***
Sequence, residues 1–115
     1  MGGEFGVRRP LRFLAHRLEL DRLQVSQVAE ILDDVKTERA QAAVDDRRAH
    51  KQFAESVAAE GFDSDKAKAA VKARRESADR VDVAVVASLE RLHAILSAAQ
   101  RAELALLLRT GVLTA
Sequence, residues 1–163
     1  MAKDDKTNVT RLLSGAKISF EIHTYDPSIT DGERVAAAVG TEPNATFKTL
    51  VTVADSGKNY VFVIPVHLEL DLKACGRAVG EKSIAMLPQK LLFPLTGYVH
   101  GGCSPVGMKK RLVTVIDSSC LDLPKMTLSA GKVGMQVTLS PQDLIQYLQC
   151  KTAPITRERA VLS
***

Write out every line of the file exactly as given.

Sequence, residues 1–115
     1  MGGEFGVRRP LRFLAHRLEL DRLQVSQVAE ILDDVKTERA QAAVDDRRAH
    51  KQFAESVAAE GFDSDKAKAA VKARRESADR VDVAVVASLE RLHAILSAAQ
   101  RAELALLLRT GVLTA
Sequence, residues 1–163
     1  MAKDDKTNVT RLLSGAKISF EIHTYDPSIT DGERVAAAVG TEPNATFKTL
    51  VTVADSGKNY VFVIPVHLEL DLKACGRAVG EKSIAMLPQK LLFPLTGYVH
   101  GGCSPVGMKK RLVTVIDSSC LDLPKMTLSA GKVGMQVTLS PQDLIQYLQC
   151  KTAPITRERA VLS